New Research: You don’t need to have a big company to benefit from business aviation

By Doug Gollan, October 27, 2018

The Harris Poll underscores that business aviation helps users build their businesses


According to a recently conducted survey by The Harris Poll, business aviation continues to provide the same benefits that have traditionally been associated with its use, including greater efficiency and flexibility in travel scheduling; heightened employee productivity while en route; access from secondary cities to larger metropolitan areas for exploring business opportunities; and a means of business transport to augment airline travel. It also found 57% of the companies using private aviation have under 500 employees and 62% have just one aircraft. 


Here are 10 key findings from the 2018 study. According to Harris, the findings represent a statistically valid representation of the use of business aircraft by the National Business Aviation Association’s 11,000-plus member companies.


Private Jet efficiency survey results:


  • Most companies using business aviation are small companies – In the survey, 57 percent of pilots say their companies using business aviation employed 500 or fewer workers.


  • The majority of companies using business aviation have only one airplane – In the survey, 62 percent of pilots say these companies operate just one turbine-powered aircraft.


  • Many business aircraft are largely flown to towns with little or no airline service – In the survey, pilots say, on average, that more than 42.5 percent of their destinations are airports with infrequent or no scheduled airline service. These pilots also noted that, on average, 31.5 percent of the flights they conducted in the last year were to destinations that have never had commercial air service.


  • A primary driver of business aircraft use is scheduling flexibility – The passengers surveyed say, on average, that 51.6 percent of the business aircraft flights they take enable them to keep business schedules that could not be met efficiently using the scheduled airlines.


  • Business aviation missions often involve multiple destinations – Pilots say, on average, that 42.2 percent of their trips involve stopping at more than one location.


  • Companies use both business aircraft and the airlines as appropriate – According to the passengers surveyed, on average, 65.3 percent of their flights are on business aircraft, while 29.1 percent of their trips are on airliners. The decision on which business tool to use – business aircraft or airliner – appears to be made on a mission-by-mission basis.


  • Top management is on board business aircraft just over half the time – The passengers surveyed said that high-ranking executives (e.g., CEO, COO, CFO, Board Directors) are traveling with them only 56 percent of the time. A significant portion of business aircraft passengers includes technical specialists, managers, customers, and others relying on the airplane.


  • Employees use their time on company aircraft to be highly effective and productive – Passengers on business aircraft spend, on average, nearly two-thirds of their time (63 percent) aloft engaged in work, including 38 percent of the time meeting with colleagues or customers. When they fly commercially, these same passengers, on average, work only 42 percent of the time. Two-thirds (66 percent) of these passengers say they are more productive, on business aircraft flights than when they are in the office, while nearly 86 percent say they are less productive on commercial flights, compared to when working in their offices.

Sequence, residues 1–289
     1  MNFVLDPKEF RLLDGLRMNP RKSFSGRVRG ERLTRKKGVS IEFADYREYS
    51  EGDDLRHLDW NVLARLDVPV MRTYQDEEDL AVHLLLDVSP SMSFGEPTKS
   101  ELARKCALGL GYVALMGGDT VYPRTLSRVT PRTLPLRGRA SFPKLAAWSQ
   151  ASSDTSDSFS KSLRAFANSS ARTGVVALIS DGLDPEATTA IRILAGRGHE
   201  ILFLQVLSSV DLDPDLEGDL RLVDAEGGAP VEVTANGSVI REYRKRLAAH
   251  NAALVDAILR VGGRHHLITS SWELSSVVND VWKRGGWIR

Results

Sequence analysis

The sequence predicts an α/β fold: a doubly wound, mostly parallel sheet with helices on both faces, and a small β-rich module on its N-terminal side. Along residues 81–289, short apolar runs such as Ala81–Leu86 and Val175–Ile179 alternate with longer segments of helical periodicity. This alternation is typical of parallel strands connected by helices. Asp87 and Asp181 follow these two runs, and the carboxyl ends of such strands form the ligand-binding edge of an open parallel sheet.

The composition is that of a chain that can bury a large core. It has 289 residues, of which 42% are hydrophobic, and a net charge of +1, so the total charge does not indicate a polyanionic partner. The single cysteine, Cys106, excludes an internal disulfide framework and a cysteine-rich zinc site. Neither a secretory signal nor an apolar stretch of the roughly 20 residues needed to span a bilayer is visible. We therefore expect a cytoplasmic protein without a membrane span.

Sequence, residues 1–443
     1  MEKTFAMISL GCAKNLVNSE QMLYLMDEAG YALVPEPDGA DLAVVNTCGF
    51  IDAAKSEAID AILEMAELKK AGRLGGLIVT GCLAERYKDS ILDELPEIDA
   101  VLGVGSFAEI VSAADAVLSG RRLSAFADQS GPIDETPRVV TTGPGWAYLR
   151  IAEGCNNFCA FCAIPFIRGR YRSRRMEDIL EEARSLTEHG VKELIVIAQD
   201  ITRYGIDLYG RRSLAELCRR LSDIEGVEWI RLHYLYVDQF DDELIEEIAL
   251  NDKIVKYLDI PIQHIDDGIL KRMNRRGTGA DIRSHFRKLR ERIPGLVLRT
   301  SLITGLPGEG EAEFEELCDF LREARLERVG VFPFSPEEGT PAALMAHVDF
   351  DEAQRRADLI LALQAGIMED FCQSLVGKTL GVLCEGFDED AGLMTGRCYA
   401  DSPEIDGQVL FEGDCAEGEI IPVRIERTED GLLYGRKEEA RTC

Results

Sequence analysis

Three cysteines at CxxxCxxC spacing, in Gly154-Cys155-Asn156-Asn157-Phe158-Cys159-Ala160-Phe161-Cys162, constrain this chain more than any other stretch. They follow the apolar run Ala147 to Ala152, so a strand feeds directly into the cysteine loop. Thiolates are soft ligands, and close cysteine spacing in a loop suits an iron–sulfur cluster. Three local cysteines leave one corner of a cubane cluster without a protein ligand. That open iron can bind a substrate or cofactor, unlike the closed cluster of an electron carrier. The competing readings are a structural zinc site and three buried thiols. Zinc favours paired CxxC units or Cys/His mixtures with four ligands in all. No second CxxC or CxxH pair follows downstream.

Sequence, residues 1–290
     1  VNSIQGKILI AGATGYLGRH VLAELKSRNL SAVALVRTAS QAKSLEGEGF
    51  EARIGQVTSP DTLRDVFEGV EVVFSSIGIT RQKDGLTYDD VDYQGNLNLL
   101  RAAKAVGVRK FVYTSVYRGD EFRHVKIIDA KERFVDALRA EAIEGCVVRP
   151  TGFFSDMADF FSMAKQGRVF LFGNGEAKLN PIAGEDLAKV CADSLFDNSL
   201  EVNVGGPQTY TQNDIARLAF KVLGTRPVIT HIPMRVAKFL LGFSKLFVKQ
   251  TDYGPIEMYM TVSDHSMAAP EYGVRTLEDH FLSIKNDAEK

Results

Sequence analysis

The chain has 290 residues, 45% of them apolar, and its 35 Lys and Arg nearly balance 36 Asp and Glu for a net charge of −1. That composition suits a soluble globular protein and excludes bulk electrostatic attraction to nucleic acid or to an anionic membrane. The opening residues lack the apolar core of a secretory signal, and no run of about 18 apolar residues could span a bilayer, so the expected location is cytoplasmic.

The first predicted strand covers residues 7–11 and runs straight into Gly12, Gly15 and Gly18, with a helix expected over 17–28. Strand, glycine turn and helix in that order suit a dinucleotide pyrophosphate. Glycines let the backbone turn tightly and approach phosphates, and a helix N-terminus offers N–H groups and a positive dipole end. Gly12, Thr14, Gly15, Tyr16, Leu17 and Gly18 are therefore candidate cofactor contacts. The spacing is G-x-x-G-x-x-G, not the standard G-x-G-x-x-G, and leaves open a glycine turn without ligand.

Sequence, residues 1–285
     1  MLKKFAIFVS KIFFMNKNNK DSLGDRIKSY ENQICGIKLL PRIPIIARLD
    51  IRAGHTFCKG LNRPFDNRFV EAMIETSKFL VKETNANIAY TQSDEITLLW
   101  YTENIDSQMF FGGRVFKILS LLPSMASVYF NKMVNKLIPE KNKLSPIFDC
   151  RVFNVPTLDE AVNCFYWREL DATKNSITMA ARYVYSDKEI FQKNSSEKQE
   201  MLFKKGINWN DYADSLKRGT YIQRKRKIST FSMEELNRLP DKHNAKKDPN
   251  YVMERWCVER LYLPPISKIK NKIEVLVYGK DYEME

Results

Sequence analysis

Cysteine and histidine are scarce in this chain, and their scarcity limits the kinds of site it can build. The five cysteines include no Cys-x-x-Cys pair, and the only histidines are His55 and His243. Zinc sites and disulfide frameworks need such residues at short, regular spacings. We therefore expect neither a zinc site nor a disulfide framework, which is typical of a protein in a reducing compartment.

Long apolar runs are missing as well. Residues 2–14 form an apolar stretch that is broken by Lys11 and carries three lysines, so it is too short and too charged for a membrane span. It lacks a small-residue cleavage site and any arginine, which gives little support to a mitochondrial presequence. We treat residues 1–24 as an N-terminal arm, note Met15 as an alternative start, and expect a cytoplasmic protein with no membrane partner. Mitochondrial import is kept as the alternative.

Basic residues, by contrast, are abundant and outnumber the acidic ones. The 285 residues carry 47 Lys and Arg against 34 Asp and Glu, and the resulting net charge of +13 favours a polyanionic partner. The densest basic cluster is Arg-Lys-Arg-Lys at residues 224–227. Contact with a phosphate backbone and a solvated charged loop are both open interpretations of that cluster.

• Many business airplanes are used to fly humanitarian missions – During the past year, 38 percent of pilots say they have flown humanitarian missions. The pilots reported flying an average of 3.0 humanitarian missions per year.


  • It is increasingly clear that companies are now operating in a global marketplace, as more companies using business aircraft are flying internationally – About 23 percent of pilots and 24 percent of passengers say their percentage of overseas flights aboard business aircraft has increased during the past five years.


  • More than half of the turbine-powered business airplanes flying today are small jets, turboprops or other small aircraft –These smaller aircraft make up 55.2% of the fleets owned and operated by NBAA members, including 16.7% small jets and 18.7% turboprops.


Which jet card programs allow you to use multiple aircraft at the same time?


Who answered the Harris survey?


The findings of the survey are based on interviews with both business aircraft pilots and passengers. These interviews were conducted online by The Harris Poll in two phases. The first phase was conducted online between Aug. 30 and Sept. 21, 2018, among 202 chief pilots, pilots, flight department managers and directors of flight operations or aviation referred to in this report as pilots. Figures for the number of aircraft per company were weighted where necessary to bring them into line with their actual proportions in the business aircraft population. The second phase consisted of 276 interviews among passengers on business aircraft referred to in the report as passengers conducted between Aug. 30 and Sept. 21, 2018. The passenger completed the survey online. Passenger data were not weighted.

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